Made in Madagascar: Navy veteran, international business major, fashion designer to study coral reefs

Michael Acid

After studying at French universities on a Benjamin A. Gilman scholarship and pursuing fashion design in Los Angeles, Michael Acid came to UMSL to earn a degree in international business. (Photo by August Jennewein)

Last summer Michael Acid suited up in scuba gear and dove down to a depth of 100 feet in San Diego’s Mission Bay.

The recently graduated international business major described the experience as “very dark, very cold and very exhilarating.”

While Acid found himself surrounded by seahorses, octopuses and other intriguing sights, his excursion was not for sheer leisure. Rather, it was the first step in continuing the conservation work he started at the University of Missouri–St. Louis.

“Getting hands-on with environmental work started for me when I went on an UMSL trip to Guyana with Dr. Godfrey Bourne and a group of entomologists,” said Acid. “I learned a lot there. And particularly, it was great seeing the research they did to help the giant river otter, which is native to the area. I saw people there being passionate about something they love, and I knew I had to do something to give back.”

With that sentiment in mind, Acid plans on traveling to Nosy Be, Madagascar, where he will participate in coral reef conservation efforts with Frontier, a nonprofit dedicated to preserving biodiversity and protecting vulnerable ecosystems.

Beginning in January, he will volunteer two months of his time by charting extensive coastal areas and surveying marine life in efforts to better understand how pollution has affected the reefs.

“With increases in pollution, climate change and rising CO2 levels, we have depleted 50 percent of the reefs over the last 30 years. Once they calcify, that’s it. They’re dead,” said Acid. “Those beautiful reefs are more than decoration. They’re a living environment for living creatures, and we need to start using more methods to preserve them. New York City is even dumping old subway cars into the ocean, so that marine life can use them as shelter. That’s a cool and creative way of making a difference.”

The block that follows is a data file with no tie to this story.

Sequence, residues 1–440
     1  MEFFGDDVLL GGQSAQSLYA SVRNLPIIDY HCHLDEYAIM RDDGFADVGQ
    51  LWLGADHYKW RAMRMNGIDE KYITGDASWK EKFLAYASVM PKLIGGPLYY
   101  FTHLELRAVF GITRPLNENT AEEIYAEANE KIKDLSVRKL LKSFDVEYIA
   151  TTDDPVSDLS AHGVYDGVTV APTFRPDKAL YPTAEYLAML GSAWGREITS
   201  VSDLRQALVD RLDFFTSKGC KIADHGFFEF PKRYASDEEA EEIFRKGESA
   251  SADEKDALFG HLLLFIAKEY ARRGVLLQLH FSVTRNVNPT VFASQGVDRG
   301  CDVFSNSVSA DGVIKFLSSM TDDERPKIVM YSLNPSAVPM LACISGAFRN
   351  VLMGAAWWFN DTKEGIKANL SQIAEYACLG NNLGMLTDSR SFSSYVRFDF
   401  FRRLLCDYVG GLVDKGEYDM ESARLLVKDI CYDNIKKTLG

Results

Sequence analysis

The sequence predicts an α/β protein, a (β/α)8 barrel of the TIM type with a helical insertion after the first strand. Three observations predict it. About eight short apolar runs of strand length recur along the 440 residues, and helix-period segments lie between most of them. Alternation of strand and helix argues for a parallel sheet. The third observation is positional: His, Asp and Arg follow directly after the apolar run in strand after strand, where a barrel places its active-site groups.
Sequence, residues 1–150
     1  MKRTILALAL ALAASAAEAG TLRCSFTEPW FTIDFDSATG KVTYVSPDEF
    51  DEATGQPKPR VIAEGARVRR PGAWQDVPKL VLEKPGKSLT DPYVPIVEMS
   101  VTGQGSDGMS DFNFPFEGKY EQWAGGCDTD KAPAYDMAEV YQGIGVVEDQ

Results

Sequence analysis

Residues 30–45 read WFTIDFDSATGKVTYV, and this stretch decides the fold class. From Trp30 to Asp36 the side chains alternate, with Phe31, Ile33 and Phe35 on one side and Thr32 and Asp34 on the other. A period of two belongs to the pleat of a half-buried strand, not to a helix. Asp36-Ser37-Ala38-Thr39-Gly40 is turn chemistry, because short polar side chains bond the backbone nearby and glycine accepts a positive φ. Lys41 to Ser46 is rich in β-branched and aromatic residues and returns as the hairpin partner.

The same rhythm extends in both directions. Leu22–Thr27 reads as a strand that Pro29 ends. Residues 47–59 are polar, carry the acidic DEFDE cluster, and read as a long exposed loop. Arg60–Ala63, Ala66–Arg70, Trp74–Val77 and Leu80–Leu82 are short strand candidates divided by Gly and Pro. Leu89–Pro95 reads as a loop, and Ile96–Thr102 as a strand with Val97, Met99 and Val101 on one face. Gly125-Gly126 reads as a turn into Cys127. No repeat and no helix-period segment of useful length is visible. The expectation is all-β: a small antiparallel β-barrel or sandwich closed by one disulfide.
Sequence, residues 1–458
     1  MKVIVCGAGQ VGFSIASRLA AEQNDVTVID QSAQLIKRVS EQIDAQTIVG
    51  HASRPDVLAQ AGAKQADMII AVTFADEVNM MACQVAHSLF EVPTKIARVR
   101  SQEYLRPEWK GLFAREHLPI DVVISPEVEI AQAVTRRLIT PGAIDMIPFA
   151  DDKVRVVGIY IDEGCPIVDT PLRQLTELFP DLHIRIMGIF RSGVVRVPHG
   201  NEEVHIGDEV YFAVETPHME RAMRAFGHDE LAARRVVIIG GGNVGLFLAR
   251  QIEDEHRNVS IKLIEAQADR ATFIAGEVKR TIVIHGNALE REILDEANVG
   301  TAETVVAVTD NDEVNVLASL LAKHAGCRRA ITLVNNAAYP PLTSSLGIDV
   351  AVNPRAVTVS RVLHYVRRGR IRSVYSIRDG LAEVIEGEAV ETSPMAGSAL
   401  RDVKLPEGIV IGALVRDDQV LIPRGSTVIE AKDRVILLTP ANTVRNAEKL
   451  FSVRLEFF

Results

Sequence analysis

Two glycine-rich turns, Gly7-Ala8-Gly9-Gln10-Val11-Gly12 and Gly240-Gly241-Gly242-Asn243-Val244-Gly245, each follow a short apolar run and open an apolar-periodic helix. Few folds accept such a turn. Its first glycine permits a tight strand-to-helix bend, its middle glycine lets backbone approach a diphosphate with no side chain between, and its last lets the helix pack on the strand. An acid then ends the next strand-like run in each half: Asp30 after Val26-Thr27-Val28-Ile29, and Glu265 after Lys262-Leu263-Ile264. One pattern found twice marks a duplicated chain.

Acid first heeded the call to environmentalism while studying fashion in Los Angeles at the Fashion Institute of Design and Merchandising. At first, Acid’s only goal was to push aesthetics and create the most avant-garde clothing possible, but that quickly changed after he watched “The True Cost,” a documentary exploring how destructive the fashion industry can be to sensitive ecosystems.

“I had this dream of making couture and high fashion and just really beautiful things, but the more I learned about the industry, the more I learned about how harmful it can be to the environment,” said Acid. “Fashion is the second most polluting industry in the world, and a lot of the things we’re doing just to look nice and be beautiful forces the earth to pay a terrible price.”

Acid decided to start his own line of sustainable clothing as a solution to the problem of fashion industry pollution. He came to UMSL in 2014 because the international business program has consistently ranked in the top 20 of IB programs in the nation, and he knew he could build the skill set to become a responsible chief executive officer.

“You just see so many of these CEOs of high-fashion companies who make so much money, and they don’t put it back into the community, and they just don’t have any regard for the consequences of their production methods,” Acid said. “I want to be a part of changing those trends because I might have kids some day, and I want them to inhabit a livable earth.”

By traveling to Madagascar, Acid intends to go beyond the documentaries he has seen and gain firsthand knowledge of the damage industry can cause to environments. He hopes this experience will help him make better ethical decisions when he has his own business one day.

“I want to have as much well-rounded experience and knowledge as I can and work up to that sustainable clothing line,” Acid said. “I know how to make clothes from sketches on paper. Draping it. Sewing it. Complete garment construction. There’s still a lot about sustainability I need to know.”

The UMSL Experience

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